Best Pattern for Spatial Creation

Pardon me if this is not the best place to post these general questions on JME development, but these are not “problems” per se but more of a discussion on the best approach for game implementation.

My first in a long series of questions for the experienced game programmers out there is <span style=“text-decoration:underline;”>what is the best pattern for Spatial creation in the context of JME?</span>

I am slowly building a RTS game which obviously revolves around the creation of numerous “units” which Spatial will group together the underlying Geometry and the Controls. I want to implement my unit creation in the most flexible creation pattern possible, potentially supporting 3rd party “unit” creation and integration.

Are a series of Builder pattern classes preferred? Simple Factory pattern classes?

Well this is a way complex question that depends greatly on the style of programming and game.

Generally it’s always a very good idea to have the game logic independent of any rendering stuff.

Here are some examples of where I’ve been heading: (Hopefully the code formatting works!)

[java]
// SpatialFactory interface
public interface SpatialFactory {
public Spatial buildSpatial();
}

// AbstractEntityFactory builds Spatial by combining Geometry and Controls
public abstract class AbstractEntityFactory implements SpatialFactory {

protected static WorldSystem worldSystem;

public static void setWorldSystem(WorldSystem worldSystem) {
    AbstractEntityFactory.worldSystem = worldSystem;
}

public Spatial buildSpatial() {
    Spatial spatial = this.buildGeometry();
    List&lt;Control&gt; controls = this.buildControls(spatial);
    for (Control c : controls) {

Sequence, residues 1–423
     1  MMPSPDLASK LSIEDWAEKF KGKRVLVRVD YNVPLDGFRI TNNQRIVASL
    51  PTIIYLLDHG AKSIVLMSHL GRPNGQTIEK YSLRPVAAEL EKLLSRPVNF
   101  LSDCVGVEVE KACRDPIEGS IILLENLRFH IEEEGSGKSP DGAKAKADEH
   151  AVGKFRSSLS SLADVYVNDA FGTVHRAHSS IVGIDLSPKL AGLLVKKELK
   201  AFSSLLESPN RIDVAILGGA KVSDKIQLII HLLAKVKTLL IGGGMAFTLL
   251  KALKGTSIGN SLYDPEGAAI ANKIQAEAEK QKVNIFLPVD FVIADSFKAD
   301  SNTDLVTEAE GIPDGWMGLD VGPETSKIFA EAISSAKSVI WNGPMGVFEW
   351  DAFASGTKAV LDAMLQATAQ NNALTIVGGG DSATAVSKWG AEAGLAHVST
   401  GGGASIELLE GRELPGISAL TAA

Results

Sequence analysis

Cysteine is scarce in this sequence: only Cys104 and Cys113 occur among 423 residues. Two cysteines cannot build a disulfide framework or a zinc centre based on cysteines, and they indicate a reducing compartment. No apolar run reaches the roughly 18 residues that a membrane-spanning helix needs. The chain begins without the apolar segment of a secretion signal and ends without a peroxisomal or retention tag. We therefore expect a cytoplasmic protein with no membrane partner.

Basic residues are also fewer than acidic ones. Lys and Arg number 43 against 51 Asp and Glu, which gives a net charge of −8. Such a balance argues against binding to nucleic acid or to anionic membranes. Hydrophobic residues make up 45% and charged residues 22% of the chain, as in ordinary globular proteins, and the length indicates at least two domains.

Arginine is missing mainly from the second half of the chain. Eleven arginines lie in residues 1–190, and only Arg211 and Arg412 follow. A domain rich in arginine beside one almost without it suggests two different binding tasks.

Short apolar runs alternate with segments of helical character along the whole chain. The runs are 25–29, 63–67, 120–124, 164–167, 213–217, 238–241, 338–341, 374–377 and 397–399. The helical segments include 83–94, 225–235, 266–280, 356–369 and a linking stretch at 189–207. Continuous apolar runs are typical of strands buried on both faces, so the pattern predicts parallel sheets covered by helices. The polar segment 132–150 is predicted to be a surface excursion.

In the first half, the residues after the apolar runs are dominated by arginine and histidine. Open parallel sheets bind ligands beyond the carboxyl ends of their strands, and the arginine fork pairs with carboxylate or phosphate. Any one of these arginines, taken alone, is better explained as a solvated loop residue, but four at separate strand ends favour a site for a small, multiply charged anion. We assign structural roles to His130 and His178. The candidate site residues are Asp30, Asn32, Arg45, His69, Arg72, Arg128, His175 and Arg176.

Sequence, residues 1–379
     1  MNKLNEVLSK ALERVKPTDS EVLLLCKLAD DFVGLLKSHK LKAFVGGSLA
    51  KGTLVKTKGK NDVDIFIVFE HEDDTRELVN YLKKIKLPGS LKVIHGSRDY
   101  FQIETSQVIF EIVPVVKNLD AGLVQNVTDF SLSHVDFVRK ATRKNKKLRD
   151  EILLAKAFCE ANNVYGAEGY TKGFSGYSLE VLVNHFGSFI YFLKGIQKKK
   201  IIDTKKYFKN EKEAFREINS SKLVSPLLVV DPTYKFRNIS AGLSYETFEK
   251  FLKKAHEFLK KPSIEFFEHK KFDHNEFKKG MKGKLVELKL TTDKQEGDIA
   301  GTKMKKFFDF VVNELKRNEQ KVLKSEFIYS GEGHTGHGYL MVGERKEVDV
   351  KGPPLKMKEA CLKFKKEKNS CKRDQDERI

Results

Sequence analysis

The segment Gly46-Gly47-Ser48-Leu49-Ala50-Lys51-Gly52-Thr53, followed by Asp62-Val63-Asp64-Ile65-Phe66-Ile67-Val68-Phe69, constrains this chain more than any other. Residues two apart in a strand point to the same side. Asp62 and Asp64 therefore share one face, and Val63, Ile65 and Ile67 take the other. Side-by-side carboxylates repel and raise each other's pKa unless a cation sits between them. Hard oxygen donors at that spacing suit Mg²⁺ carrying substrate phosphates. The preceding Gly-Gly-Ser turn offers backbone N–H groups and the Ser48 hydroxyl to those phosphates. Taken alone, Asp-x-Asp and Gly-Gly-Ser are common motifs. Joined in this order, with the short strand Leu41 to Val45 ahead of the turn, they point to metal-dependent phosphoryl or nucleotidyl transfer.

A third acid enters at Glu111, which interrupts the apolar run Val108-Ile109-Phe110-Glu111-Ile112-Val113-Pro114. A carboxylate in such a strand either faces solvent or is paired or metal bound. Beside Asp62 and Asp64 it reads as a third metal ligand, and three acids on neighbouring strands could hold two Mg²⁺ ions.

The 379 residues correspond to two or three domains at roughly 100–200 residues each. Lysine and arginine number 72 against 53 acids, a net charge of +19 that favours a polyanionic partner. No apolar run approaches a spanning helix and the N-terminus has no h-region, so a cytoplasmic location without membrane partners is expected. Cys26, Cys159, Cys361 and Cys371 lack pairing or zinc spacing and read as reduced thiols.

spatial.addControl(c);
    }
    return spatial;
}

protected abstract Spatial buildGeometry();

protected abstract List&lt;Control&gt; buildControls(Spatial spatial);

}

// HoverTank (prob should be called HoverTankFactory) is the concrete Unit factory instance
public class HoverTank extends AbstractEntityFactory {

private String model = "Models/HoverTank/Tank2.mesh.xml";
private RenderQueue.ShadowMode shadowMode = RenderQueue.ShadowMode.CastAndReceive;
private Vector3f localTranslation = new Vector3f(-140, 40, -23);
private Quaternion localRotation = new Quaternion(new float[]{0, 0.01f, 0});
private Integer physicsMass = 1500;
private Integer physicsCollistionGroup = PhysicsCollisionObject.COLLISION_GROUP_02;

@Override
protected Spatial buildGeometry() {
    Spatial hoverTank = worldSystem.getAssetManager().loadModel(model);
    hoverTank.setShadowMode(shadowMode);
    hoverTank.setLocalTranslation(localTranslation);
    hoverTank.setLocalRotation(localRotation);
    return hoverTank;
}

@Override
protected List&lt;Control&gt; buildControls(Spatial spatial) {
    List&lt;Control&gt; controls = new ArrayList&lt;Control&gt;();

    EventListenerControl eventListenerControl = new EventListenerControl();
    controls.add(eventListenerControl);

    ShootControl shooter = new ShootControl(worldSystem);
    controls.add(shooter);

    CollisionShape colShape = CollisionShapeFactory.createDynamicMeshShape(spatial);